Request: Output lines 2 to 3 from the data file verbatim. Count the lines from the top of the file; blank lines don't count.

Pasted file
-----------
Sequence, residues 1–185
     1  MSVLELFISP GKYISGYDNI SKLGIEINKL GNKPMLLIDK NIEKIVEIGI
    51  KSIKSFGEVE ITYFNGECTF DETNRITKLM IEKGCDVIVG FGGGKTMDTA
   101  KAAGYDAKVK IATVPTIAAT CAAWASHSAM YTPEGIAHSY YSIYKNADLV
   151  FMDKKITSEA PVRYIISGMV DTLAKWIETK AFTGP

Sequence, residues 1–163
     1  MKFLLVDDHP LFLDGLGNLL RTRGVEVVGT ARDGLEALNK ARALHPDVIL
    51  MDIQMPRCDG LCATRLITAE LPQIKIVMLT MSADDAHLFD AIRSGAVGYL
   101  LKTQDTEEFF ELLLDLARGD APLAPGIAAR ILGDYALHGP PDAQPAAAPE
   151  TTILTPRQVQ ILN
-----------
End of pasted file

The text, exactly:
     1  MSVLELFISP GKYISGYDNI SKLGIEINKL GNKPMLLIDK NIEKIVEIGI
    51  KSIKSFGEVE ITYFNGECTF DETNRITKLM IEKGCDVIVG FGGGKTMDTA